"To think often, and never retain it so much as one moment, is a very useless sort of thinking: and the Soul in such a state of thinking, does very little, if at all, excel that of a Looking-glass, which constantly receives variety of Images, or Ideas, but retains none; they disappear and vanish, and there remain no footsteps of them; the Looking-glass is never the better for such Ideas, nor the Soul for such Thoughts."
— Locke, John (1632-1704)
I find over 25 entries in the ESTC (1690, 1694, 1695, 1700, 1706, 1710, 1715, 1721, 1726, 1731, 1735, 1741, 1748, 1753, 1759, 1760, 1765, 1768, 1775, 1777, 1786, 1788, 1793, 1795, 1796, 1798). See also the many abridgements issued in the period.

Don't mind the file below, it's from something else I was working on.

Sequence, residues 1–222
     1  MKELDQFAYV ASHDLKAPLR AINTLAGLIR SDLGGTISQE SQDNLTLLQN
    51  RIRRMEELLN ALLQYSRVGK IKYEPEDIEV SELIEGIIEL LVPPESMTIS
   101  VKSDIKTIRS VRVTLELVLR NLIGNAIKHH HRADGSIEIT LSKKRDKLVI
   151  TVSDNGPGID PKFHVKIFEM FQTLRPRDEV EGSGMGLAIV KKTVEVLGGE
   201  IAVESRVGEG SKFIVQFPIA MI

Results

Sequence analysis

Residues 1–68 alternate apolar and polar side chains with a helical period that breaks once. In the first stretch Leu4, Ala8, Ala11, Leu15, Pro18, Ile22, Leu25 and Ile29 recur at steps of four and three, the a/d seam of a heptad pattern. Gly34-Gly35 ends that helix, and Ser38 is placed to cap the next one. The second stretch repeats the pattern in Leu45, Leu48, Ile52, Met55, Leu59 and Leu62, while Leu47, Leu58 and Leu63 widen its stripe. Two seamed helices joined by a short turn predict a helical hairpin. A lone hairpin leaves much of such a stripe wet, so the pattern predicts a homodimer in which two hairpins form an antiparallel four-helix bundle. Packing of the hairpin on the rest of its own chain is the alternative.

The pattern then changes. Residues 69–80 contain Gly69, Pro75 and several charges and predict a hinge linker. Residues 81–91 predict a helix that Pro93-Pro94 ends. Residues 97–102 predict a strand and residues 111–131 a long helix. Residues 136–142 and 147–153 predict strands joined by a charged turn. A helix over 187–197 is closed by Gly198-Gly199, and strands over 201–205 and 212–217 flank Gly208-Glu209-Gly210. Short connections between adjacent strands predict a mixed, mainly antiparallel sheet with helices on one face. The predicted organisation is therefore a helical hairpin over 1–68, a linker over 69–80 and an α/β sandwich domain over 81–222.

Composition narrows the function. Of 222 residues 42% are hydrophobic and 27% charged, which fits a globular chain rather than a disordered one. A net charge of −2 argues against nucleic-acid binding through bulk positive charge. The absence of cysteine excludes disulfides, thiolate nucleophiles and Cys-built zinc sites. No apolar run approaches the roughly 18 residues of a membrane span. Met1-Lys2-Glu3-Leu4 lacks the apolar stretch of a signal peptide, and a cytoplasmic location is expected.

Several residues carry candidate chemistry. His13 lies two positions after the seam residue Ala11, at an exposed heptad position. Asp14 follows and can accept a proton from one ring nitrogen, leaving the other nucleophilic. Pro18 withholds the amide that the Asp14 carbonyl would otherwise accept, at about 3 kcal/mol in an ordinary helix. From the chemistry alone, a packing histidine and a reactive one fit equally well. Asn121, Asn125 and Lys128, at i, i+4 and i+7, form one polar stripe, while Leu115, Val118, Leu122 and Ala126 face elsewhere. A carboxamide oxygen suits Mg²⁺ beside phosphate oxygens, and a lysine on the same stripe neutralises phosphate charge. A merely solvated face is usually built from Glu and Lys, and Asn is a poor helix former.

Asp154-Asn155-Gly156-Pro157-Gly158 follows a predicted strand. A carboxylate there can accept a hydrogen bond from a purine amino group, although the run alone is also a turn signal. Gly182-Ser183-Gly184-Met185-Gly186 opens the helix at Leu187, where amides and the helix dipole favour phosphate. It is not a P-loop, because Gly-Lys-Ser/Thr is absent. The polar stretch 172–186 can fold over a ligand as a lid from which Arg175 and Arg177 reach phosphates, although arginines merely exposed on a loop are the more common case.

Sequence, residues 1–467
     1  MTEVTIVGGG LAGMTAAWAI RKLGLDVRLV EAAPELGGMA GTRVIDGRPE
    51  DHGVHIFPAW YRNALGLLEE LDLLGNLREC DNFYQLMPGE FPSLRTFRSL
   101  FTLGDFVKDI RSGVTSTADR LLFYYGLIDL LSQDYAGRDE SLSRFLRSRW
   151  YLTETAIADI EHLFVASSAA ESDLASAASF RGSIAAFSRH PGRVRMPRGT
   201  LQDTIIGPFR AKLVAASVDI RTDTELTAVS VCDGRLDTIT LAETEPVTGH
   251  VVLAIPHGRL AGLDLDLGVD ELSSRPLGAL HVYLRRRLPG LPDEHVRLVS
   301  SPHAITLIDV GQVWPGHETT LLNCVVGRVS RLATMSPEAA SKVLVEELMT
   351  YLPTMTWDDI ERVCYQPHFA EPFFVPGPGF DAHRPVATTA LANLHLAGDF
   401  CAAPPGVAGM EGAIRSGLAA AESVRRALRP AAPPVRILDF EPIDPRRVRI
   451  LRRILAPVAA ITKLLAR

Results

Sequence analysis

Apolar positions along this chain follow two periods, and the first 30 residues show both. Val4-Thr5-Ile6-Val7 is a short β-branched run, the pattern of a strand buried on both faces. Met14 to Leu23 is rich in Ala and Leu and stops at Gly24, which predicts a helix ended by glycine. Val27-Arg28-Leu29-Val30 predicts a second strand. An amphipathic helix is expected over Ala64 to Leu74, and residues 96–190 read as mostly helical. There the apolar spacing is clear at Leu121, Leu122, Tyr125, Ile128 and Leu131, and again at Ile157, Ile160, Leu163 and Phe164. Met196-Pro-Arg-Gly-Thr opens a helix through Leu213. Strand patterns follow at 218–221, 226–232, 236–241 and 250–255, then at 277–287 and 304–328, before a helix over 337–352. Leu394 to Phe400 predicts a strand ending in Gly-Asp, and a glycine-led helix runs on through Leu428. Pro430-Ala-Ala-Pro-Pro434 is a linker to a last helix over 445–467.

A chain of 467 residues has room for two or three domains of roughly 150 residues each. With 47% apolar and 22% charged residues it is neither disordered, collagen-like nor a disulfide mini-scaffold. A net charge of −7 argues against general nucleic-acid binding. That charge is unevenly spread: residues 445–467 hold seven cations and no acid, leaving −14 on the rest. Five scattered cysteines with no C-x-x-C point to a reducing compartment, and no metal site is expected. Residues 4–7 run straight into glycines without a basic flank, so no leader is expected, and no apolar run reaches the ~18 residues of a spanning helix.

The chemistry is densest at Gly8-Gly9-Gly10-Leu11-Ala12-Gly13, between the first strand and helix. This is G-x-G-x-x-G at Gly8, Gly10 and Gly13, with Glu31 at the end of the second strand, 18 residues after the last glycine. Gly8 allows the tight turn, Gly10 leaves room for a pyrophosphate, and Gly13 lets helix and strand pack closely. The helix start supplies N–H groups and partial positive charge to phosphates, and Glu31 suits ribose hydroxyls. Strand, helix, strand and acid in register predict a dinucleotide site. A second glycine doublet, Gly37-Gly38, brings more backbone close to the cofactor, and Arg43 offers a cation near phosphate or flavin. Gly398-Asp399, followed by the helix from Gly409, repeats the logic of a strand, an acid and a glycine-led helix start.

First published as An Essay Concerning Humane Understanding. In Four Books. (London: Printed by Eliz. Holt, for Thomas Basset, at the George in Fleetstreet, near St. Dunstan's Church, 1690). <Link to EEBO><EEBO-TCP>
Searching first in a Past Masters edition based on the 12th Edition of Locke's Works and proofread against the 1959 Fraser edition. More recent searches in EEBO-TCP.
Reading John Locke's An Essay Concerning Human Understanding, ed. Peter Nidditch (Oxford, Oxford UP, 1975)--against which I have checked the text searched in Past Masters. Note, Nidditch's text is based on 4th ed. of 1700.